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Revealed: UAE state oil company planned major green rebrand ahead of climate summit

Leaked documents reveal Abu Dhabi National Oil Company, headed by Cop28 president, “increasingly aware of the reputational challenges posed by our brand name”.

Ben is a British investigative reporter based in New York City working for the Centre for Climate Reporting. He investigates the tools used by multinational corporations, authoritarian regimes and wealthy individuals to retain power and his work has been featured in some of the world’s biggest news outlets, such as The New York Times, the Guardian and the LA Times. He was previously a reporter at The Bureau of Investigative Journalism.
Lawrence is an investigative journalist whose work has primarily focused on climate change and political influence. He has investigated Big Oil's war on US climate policy, fossil fuel-funded climate sceptics, and the petrostates seeking to keep the world hooked on oil. His 2021 undercover investigation into ExxonMobil’s obstruction of US climate policy led to two major Congressional inquiries. Lawrence’s work has been featured in the New York Times; Washington Post; Wall Street Journal; CNN; BBC; Financial Times; O Globo and others.

July 5, 2023


The United Arab Emirates (UAE) considered dropping the word ‘oil’ from the name of its state-owned oil company as part of a major green rebrand ahead of hosting the Cop28 climate summit later this year.

Executives from the Abu Dhabi National Oil Company (Adnoc) – whose CEO, Dr Sultan Al Jaber, has been appointed as Cop28 president – made the suggestion as part of a brief distributed to advertising agencies invited to pitch for the contract last year, which was obtained by the Centre for Climate Reporting (CCR) and Drilled.

Al Jaber is overseeing a $150 billion expansion plan over the next five years, which includes a major increase in oil and gas production. But the company wants to promote itself as a provider of “low carbon energy” that is “helping to build a more sustainable energy future for all”, according to the leaked documents.

“We are increasingly aware of the reputational challenges posed by our brand name and positioning.”

The ‘National Oil Company’ portion of its name makes it a “target for potential criticism”, a presentation shared with agencies states. It also says that the suggested rebrand “complements UAE positioning leading up to Cop28” and identifies the period before the summit as an opportunity for “amplification” of the new name.

Cop28 has been mired in controversy since Al Jaber, who also serves as the UAE’s Special Envoy for Climate Change, was announced as its president in January. It’s the first time a CEO of any company, let alone one from the fossil fuel industry, has been selected to lead the summit, which is hosted by a different country each year. Some politicians and climate activists say Al Jaber’s appointment is a conflict of interest. In May, 130 US and EU lawmakers signed a joint letter calling on Al Jaber to be removed from his post.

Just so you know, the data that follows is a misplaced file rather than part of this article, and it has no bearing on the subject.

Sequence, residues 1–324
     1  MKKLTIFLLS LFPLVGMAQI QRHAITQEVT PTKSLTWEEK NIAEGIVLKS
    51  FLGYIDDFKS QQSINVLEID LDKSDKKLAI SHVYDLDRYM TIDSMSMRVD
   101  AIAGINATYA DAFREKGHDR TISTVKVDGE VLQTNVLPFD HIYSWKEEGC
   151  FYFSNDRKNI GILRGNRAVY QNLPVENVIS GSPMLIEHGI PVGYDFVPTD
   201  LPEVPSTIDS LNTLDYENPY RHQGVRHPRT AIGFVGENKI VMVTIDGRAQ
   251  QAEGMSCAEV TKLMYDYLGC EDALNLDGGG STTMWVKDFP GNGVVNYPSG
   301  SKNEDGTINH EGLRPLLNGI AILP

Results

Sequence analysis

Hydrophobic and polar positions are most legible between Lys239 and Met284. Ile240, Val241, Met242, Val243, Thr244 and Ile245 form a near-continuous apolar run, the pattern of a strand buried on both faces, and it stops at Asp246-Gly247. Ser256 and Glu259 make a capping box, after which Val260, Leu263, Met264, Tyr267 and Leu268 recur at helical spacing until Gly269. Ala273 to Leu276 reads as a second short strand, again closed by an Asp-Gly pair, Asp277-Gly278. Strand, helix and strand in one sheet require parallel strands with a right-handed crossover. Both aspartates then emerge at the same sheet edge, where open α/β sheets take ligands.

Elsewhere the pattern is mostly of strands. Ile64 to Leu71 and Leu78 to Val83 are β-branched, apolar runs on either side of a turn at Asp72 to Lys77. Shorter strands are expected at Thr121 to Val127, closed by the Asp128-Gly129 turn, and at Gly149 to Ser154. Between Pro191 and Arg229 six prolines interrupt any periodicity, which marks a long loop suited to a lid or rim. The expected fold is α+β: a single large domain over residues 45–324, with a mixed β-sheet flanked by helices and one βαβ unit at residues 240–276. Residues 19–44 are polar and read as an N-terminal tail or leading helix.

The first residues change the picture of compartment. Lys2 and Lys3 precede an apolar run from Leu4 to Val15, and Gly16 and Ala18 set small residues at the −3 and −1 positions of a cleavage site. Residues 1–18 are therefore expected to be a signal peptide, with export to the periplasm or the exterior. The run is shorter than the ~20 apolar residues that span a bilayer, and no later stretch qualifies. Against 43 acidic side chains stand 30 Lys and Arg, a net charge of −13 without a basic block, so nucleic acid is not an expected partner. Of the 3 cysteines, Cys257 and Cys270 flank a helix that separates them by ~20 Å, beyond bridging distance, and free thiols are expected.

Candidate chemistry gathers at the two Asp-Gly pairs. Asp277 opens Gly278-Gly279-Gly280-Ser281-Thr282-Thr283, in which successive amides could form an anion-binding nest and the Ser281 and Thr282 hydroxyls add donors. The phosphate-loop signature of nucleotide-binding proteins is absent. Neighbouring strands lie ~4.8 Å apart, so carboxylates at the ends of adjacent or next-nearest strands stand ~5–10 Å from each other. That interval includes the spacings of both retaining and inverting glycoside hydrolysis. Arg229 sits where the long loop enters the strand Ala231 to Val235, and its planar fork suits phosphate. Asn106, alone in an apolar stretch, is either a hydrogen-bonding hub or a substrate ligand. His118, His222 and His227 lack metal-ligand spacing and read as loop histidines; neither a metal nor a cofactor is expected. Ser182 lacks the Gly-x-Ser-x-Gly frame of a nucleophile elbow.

The rebrand plans are just the latest step in a major public relations push at Adnoc since Al Jaber took the helm in 2016 and was tasked with modernising the company. The new look Adnoc will position itself as “a disruptive, ambitious, and confident energy company of the future” which “will invest and operate across the energy spectrum – from hydrocarbons and hydrogen to new and emerging energies,” the contract brief states.

“Man of the people”

The leaked brief was sent to advertising agencies in the autumn of last year. But Adnoc has been working with outside groups for years in an effort to position the company as an “innovative ‘NOC [national oil company] of the future’.”

In an interview with an advertising industry news website in 2018, Adnoc’s then head of communications explained how the company had turned to some of the world’s biggest public relations firms to help tell Adnoc’s “transformation story” in the hope of attracting international investment. One of those was the Middle Eastern arm of Burson Cohn & Wolfe (BCW), which  began working with Adnoc in 2017.

A key challenge identified by Adnoc and its agency was how to balance Al Jaber’s competing reputations as an “uncompromising change agent (a ‘fixer’) vs. compassionate community pillar (a ‘man of the people’),” according to industry award entries submitted by the company in 2019 and 2020 and obtained by CCR.

The answer to that problem was a scheme known as ‘Oil & Gas 4.0’, which was launched in 2019 as a platform for Al Jaber to promote how Adnoc is adopting new technologies, attracting new talent, mitigating its environmental impact and working with new partners. Al Jaber began to speak of Adnoc as less of a state-owned behemoth and more like a start-up, announcing at a conference that the company was embracing “digital disruption” by pumping money into artificial intelligence, virtual reality and advanced analytics.